Zora Neale Hurston was one of the foremost female writers of the 20th century. She was a member of the Harlem Renaissance and her novels, short stories, and plays usually depicted African American life in the South.
Born in 1891 in Notasaulga, Alabama to parents who had been enslaved, Hurston was an excellent student and she received a scholarship to Barnard College, where she obtained a degree in anthropology. She dedicated her efforts to promoting Black culture and folklore, and in her writing, she often featured black women, which was practically unheard of in her era.
Her most famous work was Their Eyes Were Watching God, which featured a strong female protagonist. Although her writing was largely ignored by the literary establishment during her lifetime and she died in poverty in 1961, today she is widely recognized as a groundbreaking author and her influence continues to grow. Tuskegee University, the famous historically Black university located not far from Hurston’s birthplace in Alabama, recently has been commemorating her life and legacy with a number of events, one of which was the exhibition, The Soul of Zora: A Literary Legacy through Quilts.
“The artists who created the quilts were inspired by Zora Neale Hurston’s writings,” explains Dr. Zanice Bond, the exhibit curator and professor of English at Tuskegee University. “We just received a two-year grant from the National Endowment for the Humanities focused on the literary legacies of three authors native to Alabama, and Zora Neale Hurston is one of those. She was passionate about folk culture and honoring Black women. Quilts have long been a part of the black female experience in this country, so the quilt exhibit was a great way for us to profile the various elements of Zora Neale Hurston’s legacy. It also happened as Tuskegee welcomed its first female president, Dr. Lily McNair. What’s more, the closing of the exhibition included two important events: a memorial for black women writers who died in August: Toni Morrison and Paule Marshall, and a quilters’ workshop that focused on African appliqué.”
The quilts were selected from a larger exhibit of the same name that, as serendipity would have it, had been developed earlier by Marla A. Jackson, executive director of the African American Quilt Museum and Textile Academy Museum in Lawrence, Kansas. Jackson is a community-based visual art educator whose quilts have been exhibited in national and international venues, including the American Folk Art Museum and the Smithsonian’s National Museum of African American History and Culture.
She happens to be a good friend of Dr. Robert Hemenway, the author of Zora Neale Hurston, A Literary Biography (University of Illinois Press). He once told her, “Marla, you are the soul of Zora and I want you to honor her with an exhibition.”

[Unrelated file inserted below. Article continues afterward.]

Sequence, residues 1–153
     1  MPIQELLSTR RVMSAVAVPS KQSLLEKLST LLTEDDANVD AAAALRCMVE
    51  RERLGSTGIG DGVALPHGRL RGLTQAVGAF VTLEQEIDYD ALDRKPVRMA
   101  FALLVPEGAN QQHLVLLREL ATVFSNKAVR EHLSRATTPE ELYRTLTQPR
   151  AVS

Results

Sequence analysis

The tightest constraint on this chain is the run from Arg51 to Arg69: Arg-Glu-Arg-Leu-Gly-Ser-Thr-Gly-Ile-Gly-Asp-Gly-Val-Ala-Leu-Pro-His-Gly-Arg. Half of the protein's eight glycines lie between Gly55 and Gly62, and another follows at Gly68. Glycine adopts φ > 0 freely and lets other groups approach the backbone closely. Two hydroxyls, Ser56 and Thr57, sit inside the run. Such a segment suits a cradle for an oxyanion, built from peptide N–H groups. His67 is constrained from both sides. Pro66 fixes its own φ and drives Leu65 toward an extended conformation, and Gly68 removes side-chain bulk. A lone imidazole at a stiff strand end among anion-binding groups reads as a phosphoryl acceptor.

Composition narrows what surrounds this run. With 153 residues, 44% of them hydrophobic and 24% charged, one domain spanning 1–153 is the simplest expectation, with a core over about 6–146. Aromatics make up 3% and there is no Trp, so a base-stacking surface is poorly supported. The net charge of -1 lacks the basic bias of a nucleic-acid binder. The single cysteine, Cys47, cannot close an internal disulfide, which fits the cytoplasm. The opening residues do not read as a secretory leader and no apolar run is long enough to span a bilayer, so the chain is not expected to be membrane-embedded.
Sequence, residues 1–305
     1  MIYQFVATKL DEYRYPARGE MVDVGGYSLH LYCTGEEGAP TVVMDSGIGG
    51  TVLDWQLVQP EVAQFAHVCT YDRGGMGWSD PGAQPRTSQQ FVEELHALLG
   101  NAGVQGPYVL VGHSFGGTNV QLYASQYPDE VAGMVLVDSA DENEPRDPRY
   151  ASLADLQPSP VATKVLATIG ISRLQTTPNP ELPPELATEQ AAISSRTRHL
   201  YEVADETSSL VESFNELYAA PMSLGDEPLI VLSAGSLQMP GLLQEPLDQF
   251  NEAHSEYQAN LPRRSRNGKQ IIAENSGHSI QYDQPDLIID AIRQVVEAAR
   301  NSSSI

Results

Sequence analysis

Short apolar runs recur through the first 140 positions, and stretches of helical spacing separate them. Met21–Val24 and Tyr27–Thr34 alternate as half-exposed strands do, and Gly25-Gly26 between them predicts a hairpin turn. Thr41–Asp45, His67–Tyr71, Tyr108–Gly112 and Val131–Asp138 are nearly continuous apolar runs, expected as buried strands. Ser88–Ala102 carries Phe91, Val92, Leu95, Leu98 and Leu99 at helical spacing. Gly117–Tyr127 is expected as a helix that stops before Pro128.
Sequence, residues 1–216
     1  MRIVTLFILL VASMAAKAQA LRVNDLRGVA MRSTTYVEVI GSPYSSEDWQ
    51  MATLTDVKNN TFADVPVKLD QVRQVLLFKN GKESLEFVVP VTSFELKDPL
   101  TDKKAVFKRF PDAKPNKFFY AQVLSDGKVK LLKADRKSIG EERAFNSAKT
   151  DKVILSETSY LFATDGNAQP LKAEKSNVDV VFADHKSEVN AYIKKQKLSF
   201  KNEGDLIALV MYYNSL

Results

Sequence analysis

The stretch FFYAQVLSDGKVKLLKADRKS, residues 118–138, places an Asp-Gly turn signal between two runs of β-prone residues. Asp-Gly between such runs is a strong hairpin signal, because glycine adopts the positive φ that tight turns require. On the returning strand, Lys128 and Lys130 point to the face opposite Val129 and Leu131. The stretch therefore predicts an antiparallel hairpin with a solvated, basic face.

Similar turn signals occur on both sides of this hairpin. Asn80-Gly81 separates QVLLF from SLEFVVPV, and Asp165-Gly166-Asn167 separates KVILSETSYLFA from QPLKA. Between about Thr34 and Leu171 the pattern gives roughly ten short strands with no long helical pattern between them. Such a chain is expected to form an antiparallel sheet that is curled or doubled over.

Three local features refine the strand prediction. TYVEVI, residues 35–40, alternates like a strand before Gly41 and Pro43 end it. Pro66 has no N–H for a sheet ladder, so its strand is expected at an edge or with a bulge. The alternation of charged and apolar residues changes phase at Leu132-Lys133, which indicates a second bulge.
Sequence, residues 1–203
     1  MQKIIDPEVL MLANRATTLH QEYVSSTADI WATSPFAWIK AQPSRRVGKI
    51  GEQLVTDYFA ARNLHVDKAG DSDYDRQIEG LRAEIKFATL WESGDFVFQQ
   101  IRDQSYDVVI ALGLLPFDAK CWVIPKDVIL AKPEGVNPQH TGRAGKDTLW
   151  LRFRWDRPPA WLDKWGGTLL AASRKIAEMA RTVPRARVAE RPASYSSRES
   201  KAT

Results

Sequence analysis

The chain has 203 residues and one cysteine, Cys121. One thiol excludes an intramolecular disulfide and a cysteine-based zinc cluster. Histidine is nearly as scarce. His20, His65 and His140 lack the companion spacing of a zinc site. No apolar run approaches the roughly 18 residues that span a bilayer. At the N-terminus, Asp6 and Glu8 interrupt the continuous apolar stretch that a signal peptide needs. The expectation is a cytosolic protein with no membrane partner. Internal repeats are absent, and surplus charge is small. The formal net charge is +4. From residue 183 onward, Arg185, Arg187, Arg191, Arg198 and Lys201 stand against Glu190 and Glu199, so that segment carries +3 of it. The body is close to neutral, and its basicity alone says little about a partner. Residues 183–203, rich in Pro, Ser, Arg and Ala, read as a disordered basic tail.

“I told him I would and I always keep my word. That’s how I came up with the title for the exhibit,” Jackson says. “I put out a call for entries on my website and I heard from quilters all over. Eventually, 15 quilts were submitted from some wonderful contemporary quilt artists. All of them were influenced by Zora Neale Hurston’s writing, and especially the character of Janie Crawford, the main character of Their Eyes Were Watching God.”
Dr. Bond happened to visit Lawrence, Kansas, while the exhibit was on at the African American Quilt Museum. As Co-Director of the Literary Legacies NEH grant at Tuskegee, she knew as soon as she saw the quilts that they would be a perfect accompaniment to the activities planned there. While not all of the quilts in the original Lawrence exhibit were available due to other commitments, nine quilts did travel to Alabama. The artists whose quilts were in the exhibit included Earmichiae Brown, Cheryl Willis Hudson, Tony Jean Dickerson, Lola Jenkins, Jacqueline Johnson, Niambik Kee, Laura Casmore, and Theresa Shellcroft.
The Soul of Zora: A Literary Legacy through Quilts was one of the most widely-viewed exhibits in the University’s history, drawing viewers from the community and beyond, while providing numerous opportunities for educational outreach and learning outside the classroom. It was so popular that it was held over for months after its scheduled completion date.
And so it was that an exhibit of quilts by women artists honoring a woman writer who honored women proved to be the catalyst for encouraging learners of all ages to consider the broad and growing impact of women’s work. I think Zora Neale Hurston would be pleased.
**“The Soul of Zora: A Literary Legacy through Quilts” was co-sponsored through a grant from the Alabama Bicentennial Committee as well as a grant from the National Endowment for the Humanities. The two-year NEH grant enables the production of new curricular materials, digital humanities resources, and community engagement activities focused on three 20th century authors native to Alabama: Zora Neale Hurston, Ralph Ellison and Albert Murray.